Melissa J. Nelson is an award-winning archivist, writer, and educator based in Toronto, Canada. She is a leading voice in the field of archival studies on issues of race and racism. Her work and research interests are grounded in an ethics of care for the preservation of Black cultural heritage and anti-Black archival materials. Her work centers Black being and belonging in the archives to support collective healing and liberation movements.
Melissa is the author of “Archiving Hate: Racist Materials in Archives.” This post has been referenced by collecting institutions in their commitment to equity practices, including the University of Waterloo Special Collections & Archives in “Language in Archival Descriptions Changes,” The United Church of Canada Archives in “United Church of Canada Archives Equity Statement,” and Baker Library of Harvard Business School in “Guiding Principles for Conscious and Inclusive Description.”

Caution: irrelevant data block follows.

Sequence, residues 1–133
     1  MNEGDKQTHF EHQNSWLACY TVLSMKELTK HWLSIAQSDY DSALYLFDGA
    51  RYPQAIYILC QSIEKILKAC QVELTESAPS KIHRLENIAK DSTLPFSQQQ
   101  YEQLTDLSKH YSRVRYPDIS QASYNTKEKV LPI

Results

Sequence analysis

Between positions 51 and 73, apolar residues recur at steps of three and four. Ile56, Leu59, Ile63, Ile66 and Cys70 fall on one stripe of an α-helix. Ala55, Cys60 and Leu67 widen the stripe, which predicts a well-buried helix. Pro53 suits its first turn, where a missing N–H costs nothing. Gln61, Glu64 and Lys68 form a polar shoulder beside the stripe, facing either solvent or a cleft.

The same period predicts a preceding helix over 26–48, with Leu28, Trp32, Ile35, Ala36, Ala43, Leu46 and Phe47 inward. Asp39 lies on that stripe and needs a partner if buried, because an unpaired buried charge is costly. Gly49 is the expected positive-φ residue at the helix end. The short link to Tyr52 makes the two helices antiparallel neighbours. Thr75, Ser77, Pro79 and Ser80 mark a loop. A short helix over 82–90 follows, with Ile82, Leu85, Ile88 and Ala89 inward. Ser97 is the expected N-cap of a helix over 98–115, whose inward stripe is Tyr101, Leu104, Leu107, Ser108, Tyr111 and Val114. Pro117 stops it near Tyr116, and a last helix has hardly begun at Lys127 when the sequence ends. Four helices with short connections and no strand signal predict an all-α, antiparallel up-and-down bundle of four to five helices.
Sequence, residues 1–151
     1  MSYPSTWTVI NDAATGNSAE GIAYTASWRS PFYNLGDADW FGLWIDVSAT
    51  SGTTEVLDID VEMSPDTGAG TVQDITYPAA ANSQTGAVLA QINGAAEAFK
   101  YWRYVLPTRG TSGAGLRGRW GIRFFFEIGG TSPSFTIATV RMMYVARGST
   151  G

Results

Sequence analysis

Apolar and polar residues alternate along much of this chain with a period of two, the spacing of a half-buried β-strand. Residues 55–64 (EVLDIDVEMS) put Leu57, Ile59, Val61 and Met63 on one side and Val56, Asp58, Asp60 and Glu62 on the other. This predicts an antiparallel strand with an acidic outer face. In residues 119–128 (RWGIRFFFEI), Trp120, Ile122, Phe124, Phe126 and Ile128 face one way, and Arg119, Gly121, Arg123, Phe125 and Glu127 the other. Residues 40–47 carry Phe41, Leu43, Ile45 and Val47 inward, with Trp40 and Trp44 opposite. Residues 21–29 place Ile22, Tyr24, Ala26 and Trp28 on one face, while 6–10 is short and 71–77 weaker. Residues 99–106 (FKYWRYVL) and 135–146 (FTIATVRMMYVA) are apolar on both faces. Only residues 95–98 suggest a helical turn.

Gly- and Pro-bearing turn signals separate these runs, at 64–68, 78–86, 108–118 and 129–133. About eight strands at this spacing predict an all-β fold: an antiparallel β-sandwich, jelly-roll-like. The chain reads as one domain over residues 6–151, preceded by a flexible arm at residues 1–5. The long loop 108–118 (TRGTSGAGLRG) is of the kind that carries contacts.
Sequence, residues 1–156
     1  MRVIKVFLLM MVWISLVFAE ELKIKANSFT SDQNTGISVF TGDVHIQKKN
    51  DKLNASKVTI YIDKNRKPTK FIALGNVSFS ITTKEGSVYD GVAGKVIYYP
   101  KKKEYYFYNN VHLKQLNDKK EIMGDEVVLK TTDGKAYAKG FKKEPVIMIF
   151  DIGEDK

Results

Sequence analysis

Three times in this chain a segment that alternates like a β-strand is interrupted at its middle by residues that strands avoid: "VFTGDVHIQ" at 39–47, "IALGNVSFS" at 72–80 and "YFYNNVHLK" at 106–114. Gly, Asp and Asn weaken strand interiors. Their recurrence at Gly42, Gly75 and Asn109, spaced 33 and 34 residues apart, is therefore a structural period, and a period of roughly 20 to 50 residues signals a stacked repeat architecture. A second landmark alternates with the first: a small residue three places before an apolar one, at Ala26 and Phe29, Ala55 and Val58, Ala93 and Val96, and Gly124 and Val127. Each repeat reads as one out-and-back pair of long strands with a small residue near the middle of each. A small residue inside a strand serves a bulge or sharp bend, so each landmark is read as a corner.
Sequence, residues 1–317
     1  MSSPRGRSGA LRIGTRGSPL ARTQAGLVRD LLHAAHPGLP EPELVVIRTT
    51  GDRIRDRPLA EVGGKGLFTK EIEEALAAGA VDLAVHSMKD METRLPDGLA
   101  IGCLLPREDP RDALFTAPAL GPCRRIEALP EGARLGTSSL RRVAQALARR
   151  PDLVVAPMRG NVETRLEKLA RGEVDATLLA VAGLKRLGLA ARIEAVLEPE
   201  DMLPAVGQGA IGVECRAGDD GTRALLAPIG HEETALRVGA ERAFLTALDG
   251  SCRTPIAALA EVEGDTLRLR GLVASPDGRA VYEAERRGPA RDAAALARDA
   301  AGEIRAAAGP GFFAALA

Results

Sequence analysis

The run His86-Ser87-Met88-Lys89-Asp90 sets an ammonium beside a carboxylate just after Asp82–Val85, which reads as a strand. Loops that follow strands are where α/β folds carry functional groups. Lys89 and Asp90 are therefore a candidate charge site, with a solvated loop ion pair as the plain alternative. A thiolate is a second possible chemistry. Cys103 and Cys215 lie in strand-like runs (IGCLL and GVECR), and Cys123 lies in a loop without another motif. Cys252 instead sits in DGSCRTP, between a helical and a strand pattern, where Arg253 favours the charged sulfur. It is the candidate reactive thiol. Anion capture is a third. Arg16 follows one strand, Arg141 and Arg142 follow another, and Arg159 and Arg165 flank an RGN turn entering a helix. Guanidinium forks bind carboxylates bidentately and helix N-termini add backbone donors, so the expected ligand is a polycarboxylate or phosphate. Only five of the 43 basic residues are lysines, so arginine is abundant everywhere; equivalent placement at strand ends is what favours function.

Melissa is currently an Archivist for the Archives of Ontario. Prior to this, she held archival positions and placements at George Brown College Archives, The Presbyterian Church in Canada Archives, the Law Society of Ontario Archives, and Clara Thomas Archives and Special Collections at York University.
Melissa holds a Master of Information Studies from McGill University. She received a Bachelor of Arts (Hons) in History, with a minor in Sociology, from Carleton University. Melissa is the founder and creative director of the Black Memory Collective. She also produces and hosts the podcast, Archives & Things.